Boston is playing a tandem of Linus Ullmark with 0.9 GSAX in 10 games and Jeremy Swayman with 1.5 GSAX in 14 games played. Ullmark makes $5 million, and they signed him for four years because last summer teams had to go term or big AAV to get a goalie who might be a starter. What the Bruins got has been league average so far. Swayman, who is only 23, is still on an ELC and is a bargain against the cap, but is rapidly turning into someone about as good as Ullmark after a hotter start.
For believers in save %, the Bruins numbers don’t look terrible. They’re worse at five-on-five, but they do okay overall. Not stupendous, but good enough for a playoff team, and even allowing for their fewer games played, they have a very good Goals Against figure.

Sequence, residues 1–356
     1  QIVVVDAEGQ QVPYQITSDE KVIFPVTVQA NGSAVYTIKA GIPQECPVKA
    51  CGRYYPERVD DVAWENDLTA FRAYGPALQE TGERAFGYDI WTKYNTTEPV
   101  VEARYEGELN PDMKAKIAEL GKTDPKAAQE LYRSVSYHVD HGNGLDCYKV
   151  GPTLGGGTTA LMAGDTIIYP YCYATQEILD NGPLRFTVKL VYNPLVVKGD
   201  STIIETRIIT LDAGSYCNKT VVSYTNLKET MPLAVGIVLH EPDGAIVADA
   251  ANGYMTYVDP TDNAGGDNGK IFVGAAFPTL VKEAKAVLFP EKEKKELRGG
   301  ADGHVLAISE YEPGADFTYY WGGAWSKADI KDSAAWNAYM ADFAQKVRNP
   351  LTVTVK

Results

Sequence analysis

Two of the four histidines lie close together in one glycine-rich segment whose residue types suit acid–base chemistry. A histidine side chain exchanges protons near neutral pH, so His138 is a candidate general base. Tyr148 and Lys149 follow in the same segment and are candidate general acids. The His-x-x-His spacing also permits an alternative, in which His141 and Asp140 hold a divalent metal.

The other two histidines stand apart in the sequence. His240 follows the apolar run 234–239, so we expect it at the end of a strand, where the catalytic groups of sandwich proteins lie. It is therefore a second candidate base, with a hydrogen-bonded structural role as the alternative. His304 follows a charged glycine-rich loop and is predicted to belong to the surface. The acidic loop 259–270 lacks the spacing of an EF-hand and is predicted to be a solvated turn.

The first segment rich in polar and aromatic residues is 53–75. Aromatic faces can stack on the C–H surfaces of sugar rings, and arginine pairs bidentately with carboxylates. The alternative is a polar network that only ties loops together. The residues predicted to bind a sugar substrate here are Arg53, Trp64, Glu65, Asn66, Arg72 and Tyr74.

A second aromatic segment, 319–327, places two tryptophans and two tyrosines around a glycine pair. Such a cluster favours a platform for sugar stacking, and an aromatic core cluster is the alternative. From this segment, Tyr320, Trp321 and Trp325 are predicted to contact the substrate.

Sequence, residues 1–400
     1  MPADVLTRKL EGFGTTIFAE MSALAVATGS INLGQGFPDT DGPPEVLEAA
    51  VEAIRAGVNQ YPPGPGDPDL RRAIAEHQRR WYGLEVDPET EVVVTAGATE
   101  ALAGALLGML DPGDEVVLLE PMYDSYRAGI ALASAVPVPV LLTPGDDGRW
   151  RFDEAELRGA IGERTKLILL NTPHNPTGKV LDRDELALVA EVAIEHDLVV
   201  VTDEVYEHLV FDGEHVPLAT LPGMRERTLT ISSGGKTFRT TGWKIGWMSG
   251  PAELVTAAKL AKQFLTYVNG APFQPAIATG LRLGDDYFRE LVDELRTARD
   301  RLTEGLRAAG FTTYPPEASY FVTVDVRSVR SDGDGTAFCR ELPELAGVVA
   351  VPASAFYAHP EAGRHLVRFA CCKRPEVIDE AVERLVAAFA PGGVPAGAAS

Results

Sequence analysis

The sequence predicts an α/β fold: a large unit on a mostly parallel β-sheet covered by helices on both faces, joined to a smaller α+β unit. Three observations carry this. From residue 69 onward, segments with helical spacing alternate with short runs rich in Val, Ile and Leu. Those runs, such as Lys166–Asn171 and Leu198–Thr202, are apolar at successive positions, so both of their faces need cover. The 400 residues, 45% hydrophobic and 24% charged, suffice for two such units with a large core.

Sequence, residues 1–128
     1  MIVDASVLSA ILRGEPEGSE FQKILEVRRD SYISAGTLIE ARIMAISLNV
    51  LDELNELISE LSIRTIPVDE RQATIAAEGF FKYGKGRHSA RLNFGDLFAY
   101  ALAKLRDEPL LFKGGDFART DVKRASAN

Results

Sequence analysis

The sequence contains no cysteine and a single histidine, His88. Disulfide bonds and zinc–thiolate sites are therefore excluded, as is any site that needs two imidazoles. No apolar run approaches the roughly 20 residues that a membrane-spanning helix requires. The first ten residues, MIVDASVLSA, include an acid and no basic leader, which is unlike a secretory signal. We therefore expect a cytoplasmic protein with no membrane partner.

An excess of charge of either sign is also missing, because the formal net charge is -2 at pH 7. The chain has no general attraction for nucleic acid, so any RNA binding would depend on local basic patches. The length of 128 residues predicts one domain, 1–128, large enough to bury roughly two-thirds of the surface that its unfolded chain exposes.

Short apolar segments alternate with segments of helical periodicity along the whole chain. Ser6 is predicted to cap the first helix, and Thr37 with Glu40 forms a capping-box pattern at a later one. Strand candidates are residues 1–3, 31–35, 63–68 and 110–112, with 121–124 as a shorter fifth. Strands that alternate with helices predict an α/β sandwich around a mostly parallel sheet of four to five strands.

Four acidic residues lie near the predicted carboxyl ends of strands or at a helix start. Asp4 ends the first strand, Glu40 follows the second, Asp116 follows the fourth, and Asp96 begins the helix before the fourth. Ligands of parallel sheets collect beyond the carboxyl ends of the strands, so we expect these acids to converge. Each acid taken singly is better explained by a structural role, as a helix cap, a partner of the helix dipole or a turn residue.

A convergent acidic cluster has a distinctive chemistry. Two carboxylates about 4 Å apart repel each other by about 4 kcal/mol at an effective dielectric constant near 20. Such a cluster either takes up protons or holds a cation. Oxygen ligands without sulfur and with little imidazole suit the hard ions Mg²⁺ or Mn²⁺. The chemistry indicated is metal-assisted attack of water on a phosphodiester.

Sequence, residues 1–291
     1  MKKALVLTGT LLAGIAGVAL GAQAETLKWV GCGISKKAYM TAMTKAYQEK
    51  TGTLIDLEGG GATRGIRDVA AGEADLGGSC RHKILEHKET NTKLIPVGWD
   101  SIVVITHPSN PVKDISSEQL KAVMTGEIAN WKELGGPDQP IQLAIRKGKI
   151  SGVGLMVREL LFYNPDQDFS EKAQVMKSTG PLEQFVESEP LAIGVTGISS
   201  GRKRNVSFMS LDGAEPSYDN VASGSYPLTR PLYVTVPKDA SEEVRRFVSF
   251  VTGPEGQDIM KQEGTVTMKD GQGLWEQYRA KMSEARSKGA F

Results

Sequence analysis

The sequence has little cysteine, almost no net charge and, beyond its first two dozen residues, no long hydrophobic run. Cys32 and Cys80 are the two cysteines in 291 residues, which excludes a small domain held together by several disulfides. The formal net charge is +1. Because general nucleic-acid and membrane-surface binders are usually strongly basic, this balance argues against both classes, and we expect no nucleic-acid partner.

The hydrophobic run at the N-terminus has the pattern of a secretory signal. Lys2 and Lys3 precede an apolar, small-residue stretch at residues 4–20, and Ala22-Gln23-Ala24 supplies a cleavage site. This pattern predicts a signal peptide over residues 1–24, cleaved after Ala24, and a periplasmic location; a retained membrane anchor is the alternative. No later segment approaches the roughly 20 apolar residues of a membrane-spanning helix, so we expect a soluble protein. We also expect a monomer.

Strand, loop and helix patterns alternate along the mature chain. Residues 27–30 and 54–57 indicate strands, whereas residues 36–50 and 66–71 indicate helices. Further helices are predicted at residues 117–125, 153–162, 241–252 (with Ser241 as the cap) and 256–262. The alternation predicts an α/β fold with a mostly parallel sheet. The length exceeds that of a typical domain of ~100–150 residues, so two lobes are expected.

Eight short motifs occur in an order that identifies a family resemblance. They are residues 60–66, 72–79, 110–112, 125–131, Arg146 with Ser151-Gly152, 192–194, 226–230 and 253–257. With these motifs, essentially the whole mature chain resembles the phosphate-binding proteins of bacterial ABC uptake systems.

The trouble is, of course, most of that is coming from their disciplined defensive systems, and no matter if that’s directly responsible for their tepid offence or not, you can’t win one-goal defensive games without excellent goaltending all the time. Good isn’t good enough. Average will just see you lose most of the time.
Boston either need to score more goals or give up fewer. They’d need a Vezina calibre performance to prosper with their current goal-scoring rate, and they aren’t going to get that in-house.*
Many people would suggest that their shooting % will regress, they will score more, they will rise in the standings, and at the very least, own a wild card spot for sure. I’d agree with that if their actual play on the ice wasn’t limiting most of their best forwards.
David Pastrnak is the poster child for Boston shooting.
He always shoots like this. He just shoots so much that it ends up at a good overall Expected Goals rate. He’s one of the players with a depressed shooting % this season, and he might start scoring. He’d score more if he stopped shooting from the right point, however.